Artificial intelligence picks up racial and gender biases when learning language from text, researchers say. Without any supervision, a machine learning algorithm learns to associate female names more with family words than career words, and black names as being more unpleasant than white names.
For a study published today in Science, researchers tested the bias of a common AI model, and then matched the results against a well-known psychological test that measures bias in humans. The team replicated in the algorithm all the psychological biases they tested, according to study co-author Aylin Caliskan, a post-doc at Princeton University. Because machine learning algorithms are so common, influencing everything from translation to scanning names on resumes, this research shows that the biases are pervasive, too.
“Language is a bridge to ideas, and a lot of algorithms are built on language in the real world,” says Megan Garcia, the director of New America’s California branch who has written about this so-called algorithmic bias. “So unless an alg is making a decision based only on numbers, this finding is going to be important.”
An algorithm is a set of instructions that humans write to help computers learn. Think of it like a recipe, says Zachary Lipton, an AI researcher at UC San Diego who was not involved in the study. Because algorithms use existing materials — like books or text on the internet — it’s obvious that AI can pick up biases if the materials themselves are biased. (For example, Google Photos tagged black users as gorillas.) We’ve known for a while, for instance, that language algorithms learn to associate the word “man” with “professor” and the word “woman” with “assistant professor.” But this paper is interesting because it incorporates previous work done in psychology on human biases, Lipton says.
For today’s study, Caliskan’s team created a test that resembles the Implicit Association Test, which is commonly used in psychology to measure how biased people are (though there has been some controversy over its accuracy). In the IAT, subjects are presented with two images — say, a white man and a black man — and words like “pleasant” or “unpleasant.” The IAT calculates how quickly you match up “white man” and “pleasant” versus “black man” and “pleasant,” and vice versa. The idea is that the longer it takes you to match up two concepts, the more trouble you have associating them.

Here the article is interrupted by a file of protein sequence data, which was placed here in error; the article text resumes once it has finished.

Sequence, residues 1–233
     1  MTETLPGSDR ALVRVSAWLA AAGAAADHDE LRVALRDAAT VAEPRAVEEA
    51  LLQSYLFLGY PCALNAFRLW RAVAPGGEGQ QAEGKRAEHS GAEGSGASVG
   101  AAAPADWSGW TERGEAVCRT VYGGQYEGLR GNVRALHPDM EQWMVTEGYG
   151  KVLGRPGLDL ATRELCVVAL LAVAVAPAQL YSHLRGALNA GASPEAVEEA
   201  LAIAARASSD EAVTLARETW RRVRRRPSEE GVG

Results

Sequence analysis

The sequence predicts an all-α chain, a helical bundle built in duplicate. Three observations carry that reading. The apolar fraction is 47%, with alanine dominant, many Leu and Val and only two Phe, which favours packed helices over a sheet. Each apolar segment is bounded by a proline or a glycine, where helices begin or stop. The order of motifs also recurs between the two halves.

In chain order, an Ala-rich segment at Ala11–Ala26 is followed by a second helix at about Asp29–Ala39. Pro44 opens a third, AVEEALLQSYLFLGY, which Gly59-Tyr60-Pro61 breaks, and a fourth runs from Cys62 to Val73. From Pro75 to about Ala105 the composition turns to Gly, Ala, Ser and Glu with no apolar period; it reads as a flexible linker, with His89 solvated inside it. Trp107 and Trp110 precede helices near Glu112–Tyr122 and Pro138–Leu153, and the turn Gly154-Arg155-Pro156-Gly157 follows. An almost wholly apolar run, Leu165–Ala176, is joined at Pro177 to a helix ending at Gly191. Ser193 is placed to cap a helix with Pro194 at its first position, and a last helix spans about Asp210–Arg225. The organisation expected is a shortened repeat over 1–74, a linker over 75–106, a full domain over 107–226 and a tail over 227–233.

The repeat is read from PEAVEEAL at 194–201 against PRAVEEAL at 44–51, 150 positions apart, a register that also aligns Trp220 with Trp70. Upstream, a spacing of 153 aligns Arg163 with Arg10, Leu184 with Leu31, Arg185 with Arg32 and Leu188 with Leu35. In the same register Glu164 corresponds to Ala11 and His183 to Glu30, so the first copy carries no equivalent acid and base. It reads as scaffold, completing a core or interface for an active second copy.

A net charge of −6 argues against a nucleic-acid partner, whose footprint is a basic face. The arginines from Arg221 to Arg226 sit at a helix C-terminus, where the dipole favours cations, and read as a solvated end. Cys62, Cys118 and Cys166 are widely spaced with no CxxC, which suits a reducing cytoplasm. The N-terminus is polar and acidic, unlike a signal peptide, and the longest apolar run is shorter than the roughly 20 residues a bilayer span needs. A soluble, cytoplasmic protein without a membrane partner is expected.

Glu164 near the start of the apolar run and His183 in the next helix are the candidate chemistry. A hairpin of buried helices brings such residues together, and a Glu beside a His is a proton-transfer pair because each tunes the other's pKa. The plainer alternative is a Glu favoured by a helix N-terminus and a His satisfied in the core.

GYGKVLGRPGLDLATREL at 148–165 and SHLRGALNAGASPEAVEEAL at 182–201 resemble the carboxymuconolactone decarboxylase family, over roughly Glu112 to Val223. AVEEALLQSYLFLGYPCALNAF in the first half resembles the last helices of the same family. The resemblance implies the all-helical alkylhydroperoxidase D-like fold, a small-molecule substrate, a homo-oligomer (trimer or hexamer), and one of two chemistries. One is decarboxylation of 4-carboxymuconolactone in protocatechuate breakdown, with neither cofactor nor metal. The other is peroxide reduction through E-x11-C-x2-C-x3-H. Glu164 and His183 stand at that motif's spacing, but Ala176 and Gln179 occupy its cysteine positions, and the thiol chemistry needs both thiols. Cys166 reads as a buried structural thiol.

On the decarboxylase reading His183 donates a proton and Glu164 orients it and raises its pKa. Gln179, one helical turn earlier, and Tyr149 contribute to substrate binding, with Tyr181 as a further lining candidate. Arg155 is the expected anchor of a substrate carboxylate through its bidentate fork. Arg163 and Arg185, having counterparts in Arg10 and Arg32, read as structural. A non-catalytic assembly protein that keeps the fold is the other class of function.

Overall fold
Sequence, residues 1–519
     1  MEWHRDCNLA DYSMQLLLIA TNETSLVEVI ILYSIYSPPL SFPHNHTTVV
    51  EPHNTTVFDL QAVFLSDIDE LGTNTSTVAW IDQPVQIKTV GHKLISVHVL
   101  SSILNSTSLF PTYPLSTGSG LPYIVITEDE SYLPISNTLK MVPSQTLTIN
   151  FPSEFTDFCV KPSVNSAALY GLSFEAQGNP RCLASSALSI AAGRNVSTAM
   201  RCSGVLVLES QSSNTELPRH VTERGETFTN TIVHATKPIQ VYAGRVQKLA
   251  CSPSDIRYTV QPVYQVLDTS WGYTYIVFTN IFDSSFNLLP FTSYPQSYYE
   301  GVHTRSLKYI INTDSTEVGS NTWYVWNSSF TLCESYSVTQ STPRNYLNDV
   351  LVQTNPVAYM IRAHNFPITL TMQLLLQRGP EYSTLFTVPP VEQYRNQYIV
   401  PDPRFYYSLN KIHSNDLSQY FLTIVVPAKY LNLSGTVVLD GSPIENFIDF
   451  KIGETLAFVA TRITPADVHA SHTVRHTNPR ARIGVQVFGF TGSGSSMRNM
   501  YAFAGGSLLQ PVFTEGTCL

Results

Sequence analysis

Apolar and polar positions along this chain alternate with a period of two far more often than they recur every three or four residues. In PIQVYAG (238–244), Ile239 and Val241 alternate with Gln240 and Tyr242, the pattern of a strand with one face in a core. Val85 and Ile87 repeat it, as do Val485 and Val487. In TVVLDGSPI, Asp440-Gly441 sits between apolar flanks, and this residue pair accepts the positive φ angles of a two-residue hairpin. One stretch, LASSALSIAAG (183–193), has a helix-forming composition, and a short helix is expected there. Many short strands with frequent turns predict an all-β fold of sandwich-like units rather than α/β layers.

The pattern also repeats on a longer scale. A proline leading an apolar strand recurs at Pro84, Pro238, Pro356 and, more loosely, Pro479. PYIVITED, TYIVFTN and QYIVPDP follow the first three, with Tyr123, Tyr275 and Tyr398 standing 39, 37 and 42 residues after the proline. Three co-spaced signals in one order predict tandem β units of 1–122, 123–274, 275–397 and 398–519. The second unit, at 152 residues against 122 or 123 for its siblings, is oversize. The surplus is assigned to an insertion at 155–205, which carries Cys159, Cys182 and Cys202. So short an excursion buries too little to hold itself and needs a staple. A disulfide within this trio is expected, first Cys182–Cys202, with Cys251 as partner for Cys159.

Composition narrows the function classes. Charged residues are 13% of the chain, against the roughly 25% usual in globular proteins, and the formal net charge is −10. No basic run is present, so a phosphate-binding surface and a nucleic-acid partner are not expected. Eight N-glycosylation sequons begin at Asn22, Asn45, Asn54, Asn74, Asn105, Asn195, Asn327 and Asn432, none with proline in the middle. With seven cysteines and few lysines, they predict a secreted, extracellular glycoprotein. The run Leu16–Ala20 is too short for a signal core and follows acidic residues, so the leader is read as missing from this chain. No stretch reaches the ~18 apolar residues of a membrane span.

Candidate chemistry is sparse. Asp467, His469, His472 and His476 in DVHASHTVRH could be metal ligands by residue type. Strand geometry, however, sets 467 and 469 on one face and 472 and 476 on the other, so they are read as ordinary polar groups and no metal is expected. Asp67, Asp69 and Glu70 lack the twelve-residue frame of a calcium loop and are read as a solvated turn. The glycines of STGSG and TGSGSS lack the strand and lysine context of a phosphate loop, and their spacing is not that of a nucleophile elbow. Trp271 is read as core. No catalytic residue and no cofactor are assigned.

The test developed by the researchers also calculates bias, but instead of measuring “response time,” it measures the mathematical distance between two words. In other words, if there’s a bigger numerical distance between a black name and the concept of “pleasant” than a white name and “pleasant,” the model’s association between the two isn’t as strong. The further apart the words are, the less the algorithm associates them together.
Caliskan’s team then tested their method on one particular algorithm: Global Vectors for Word Representation (GLoVe) from Stanford University. GLoVe basically crawls the web to find data and learns associations between billions of words. The researchers found that, in GLoVe, female words are more associated with arts than with math or science, and black names are seen as more unpleasant than white names. That doesn’t mean there’s anything wrong with the AI system, per se, or how the AI is learning — there’s something wrong with the material.
“AI is biased because it reflects effects about culture and the world and language,” says Caliskan. “So whenever you train a model on historical human data, you will end up inviting whatever that data carries, which might be biases or stereotypes as well.” One limitation is that the team is only able to calculate the bias associated with single words. Next, they’re interested in expanding to multiple words or phrases, and also in other languages.
The solution is not necessarily to change the model, according to Caliskan. AI just captures the world as it is — it just happens that our world is full of bias. Changing the way the algorithm works would make it less effective. Withholding information might not work anyway, says Lipton. Even if you don’t tell the model if someone is male or female, you’re going to provide other information that is correlated to gender, and the model will probably figure it out. “We can’t take for granted any kind of objectivity, ever,” he says.
Instead, humans can work on the other end. For example, Google Translate can be tweaked to improve its translation. So if you see that “doctor” is always translated to “he” while a “nurse” is translated to “she,” you can suggest a change.
Garcia, the New America CA director, says that having a more diverse group of people working on building the algorithms might be helpful too. But in the meanwhile, she agrees that the first step is simply encouraging everyone to remember that there will always be biased unless it’s corrected: “Computer-generated bias is everywhere we look.”
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